“It used to be said that if we have, if we can have some kind of progress, political progress with the Palestinians, that would bring about better relations with the Arab world. I think it could actually be the other way around. I think the better relations with the Arab world could help bring progress with the Palestinians,” said Netanyahu. I think that is very clear given the, what I regret to say is the dysfunctionality that I often see in Palestinian politics, and I think that the encouragement of Arab states, leading Arab states, for a more realistic position on the part of the Palestinian Authority might contribute to a stabilizing situation and even advancing to a better future.”

At the same time, Netanyahu stressed, “I want to say emphatically that we have no illusions that America remains the best friend of the State of Israel.”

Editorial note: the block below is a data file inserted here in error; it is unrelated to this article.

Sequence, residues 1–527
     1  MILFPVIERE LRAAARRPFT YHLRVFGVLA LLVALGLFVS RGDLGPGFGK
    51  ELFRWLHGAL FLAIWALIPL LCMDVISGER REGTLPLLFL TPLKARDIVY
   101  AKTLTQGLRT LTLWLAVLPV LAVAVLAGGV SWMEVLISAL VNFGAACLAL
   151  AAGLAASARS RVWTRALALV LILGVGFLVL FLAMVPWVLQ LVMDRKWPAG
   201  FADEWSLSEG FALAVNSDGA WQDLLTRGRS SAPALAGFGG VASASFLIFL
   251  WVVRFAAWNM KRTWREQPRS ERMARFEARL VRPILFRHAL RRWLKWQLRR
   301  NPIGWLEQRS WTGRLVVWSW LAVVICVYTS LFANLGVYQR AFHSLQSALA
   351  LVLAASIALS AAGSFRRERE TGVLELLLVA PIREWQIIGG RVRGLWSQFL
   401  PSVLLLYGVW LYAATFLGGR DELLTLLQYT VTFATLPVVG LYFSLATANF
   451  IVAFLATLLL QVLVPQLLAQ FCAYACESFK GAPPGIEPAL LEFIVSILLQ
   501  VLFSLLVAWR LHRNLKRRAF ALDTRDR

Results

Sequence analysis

“The United States and Israel are the greatest allies. And I deeply appreciate the support of President Obama, the Congress, the American people,” he continued. “We're working together today on an MoU. I hope that we can complete it soon, and we certainly will welcome Vice President Biden, who will come to visit us. I think it's another reflection of this deep friendship between our countries. And I think the American people understand that in this turbulent Middle East and this turbulent world, America has no better friend than Israel and Israel has no better friend than the United States of America,” he told the gathering.